Imagine you’re a football manager, your objective is to maximise the number of goals your team scores for your budget.
However, if you were to start assessing players based solely on their goal scoring ability, you’d end up with an unbalanced team full of strikers and probably let in a lot more goals than you’d manage to score.
The same story goes for cross channel media buys; each channel has a unique position on the team and serves a unique purpose, however they’re often measured on their ability to achieve the end goal independently of the other channels.
Buying your media in this way is attractive because it uses simple metrics and makes for great reporting, but if you’re still measuring prospecting based on your conversion pixel, you could be missing a lot of opportunities from further up the path.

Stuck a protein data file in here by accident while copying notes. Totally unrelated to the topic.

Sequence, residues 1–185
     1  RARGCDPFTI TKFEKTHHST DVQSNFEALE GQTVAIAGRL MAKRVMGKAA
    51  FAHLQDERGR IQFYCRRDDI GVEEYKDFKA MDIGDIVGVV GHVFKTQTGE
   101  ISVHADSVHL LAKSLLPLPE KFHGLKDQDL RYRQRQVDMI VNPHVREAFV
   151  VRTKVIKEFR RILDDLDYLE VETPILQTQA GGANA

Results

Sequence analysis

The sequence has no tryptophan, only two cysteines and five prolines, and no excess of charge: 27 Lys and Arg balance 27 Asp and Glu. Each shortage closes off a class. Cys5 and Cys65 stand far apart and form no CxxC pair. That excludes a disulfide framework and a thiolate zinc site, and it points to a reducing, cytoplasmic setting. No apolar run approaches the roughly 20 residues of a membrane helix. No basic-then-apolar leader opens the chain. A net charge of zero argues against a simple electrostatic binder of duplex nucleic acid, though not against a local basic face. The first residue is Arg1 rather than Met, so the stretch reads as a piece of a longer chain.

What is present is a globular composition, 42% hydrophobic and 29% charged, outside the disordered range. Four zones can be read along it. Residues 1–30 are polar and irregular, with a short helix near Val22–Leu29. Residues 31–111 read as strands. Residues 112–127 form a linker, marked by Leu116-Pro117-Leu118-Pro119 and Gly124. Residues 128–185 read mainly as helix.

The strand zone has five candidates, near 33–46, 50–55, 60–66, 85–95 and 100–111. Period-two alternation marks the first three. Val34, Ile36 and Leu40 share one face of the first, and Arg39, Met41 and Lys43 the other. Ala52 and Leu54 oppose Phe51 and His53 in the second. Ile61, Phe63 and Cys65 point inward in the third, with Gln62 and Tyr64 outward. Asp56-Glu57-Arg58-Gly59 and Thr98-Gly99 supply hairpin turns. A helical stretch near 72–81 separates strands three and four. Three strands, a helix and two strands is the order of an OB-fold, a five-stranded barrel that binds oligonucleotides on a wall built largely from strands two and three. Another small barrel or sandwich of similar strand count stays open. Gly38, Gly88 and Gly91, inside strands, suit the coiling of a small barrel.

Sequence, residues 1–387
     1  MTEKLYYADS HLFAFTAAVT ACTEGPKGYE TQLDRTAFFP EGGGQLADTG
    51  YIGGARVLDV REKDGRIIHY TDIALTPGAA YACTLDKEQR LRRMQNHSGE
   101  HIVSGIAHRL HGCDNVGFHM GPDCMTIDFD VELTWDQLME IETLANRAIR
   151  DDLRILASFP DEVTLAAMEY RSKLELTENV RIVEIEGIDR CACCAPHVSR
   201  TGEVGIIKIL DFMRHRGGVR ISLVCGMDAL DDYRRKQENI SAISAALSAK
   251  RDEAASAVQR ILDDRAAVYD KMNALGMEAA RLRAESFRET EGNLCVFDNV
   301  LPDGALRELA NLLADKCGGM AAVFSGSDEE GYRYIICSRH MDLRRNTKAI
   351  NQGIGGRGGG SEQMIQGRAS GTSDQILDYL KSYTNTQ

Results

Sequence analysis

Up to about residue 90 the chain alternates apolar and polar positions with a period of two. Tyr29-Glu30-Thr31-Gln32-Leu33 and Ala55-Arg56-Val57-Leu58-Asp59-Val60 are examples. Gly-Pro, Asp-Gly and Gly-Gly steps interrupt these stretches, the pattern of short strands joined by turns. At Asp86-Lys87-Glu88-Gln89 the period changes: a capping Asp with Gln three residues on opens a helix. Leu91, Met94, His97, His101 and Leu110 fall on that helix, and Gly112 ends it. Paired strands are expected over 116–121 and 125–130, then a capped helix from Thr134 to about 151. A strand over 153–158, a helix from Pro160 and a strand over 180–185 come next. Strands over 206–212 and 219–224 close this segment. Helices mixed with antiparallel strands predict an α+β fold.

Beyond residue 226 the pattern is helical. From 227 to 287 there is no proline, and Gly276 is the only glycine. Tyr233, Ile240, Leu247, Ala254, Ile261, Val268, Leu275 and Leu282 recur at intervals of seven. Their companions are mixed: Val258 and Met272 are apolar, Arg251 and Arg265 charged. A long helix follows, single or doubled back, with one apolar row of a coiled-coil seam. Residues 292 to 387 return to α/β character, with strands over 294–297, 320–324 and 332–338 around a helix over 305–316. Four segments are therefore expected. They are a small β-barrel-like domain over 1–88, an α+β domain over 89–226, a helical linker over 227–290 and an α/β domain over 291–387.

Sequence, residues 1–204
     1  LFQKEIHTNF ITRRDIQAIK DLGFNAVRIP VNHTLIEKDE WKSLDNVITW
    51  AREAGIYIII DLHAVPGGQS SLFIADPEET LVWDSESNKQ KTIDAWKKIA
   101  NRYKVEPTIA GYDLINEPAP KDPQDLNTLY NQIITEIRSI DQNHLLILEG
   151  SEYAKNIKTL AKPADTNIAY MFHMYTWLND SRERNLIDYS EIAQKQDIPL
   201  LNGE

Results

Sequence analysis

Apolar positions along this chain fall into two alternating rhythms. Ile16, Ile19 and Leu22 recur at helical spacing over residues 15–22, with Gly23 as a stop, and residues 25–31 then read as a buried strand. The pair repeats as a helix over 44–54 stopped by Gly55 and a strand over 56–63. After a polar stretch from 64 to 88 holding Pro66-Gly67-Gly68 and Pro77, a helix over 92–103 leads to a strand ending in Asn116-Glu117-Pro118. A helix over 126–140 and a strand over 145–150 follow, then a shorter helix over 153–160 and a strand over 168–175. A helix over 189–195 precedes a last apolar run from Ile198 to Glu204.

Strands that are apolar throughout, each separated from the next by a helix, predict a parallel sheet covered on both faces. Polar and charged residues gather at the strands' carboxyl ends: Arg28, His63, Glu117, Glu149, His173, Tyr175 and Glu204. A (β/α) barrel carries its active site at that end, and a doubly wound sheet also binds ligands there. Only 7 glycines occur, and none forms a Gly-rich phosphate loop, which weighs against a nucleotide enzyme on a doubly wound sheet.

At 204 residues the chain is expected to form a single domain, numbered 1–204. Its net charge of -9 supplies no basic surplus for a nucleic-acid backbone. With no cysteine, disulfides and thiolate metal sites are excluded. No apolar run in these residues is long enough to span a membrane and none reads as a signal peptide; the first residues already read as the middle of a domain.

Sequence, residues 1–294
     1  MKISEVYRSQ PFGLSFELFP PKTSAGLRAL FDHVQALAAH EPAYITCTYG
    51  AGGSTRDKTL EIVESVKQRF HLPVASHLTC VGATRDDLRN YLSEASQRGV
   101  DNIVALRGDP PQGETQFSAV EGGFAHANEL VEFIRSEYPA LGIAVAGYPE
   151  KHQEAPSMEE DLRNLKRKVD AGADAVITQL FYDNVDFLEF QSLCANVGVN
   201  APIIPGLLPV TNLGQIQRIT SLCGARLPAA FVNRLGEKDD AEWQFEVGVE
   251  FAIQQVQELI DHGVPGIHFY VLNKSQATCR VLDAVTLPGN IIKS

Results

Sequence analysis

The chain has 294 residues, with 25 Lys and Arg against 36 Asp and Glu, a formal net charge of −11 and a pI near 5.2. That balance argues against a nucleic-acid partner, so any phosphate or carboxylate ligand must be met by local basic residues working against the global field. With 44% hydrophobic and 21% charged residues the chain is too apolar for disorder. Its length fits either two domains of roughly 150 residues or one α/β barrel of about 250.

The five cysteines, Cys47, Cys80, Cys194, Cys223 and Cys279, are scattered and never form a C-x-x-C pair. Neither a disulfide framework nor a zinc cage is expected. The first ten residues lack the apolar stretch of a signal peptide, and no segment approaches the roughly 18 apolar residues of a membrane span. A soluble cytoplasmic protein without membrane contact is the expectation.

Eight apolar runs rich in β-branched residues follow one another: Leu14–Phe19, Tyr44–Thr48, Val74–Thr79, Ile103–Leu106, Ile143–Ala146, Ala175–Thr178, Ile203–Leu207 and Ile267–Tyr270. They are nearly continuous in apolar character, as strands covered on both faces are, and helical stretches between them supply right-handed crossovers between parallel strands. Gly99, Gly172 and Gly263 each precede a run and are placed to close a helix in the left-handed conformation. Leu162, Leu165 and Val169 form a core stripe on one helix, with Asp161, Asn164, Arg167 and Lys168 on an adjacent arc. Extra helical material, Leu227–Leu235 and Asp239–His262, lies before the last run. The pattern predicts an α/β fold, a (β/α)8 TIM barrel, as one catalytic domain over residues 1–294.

The number of companies not doing anything with social media gets smaller and smaller by the day, but that doesn't mean that business has social media figured out.
Despite the increasing comfort that many companies and marketers have with social media, questions still linger about efficacy and ROI.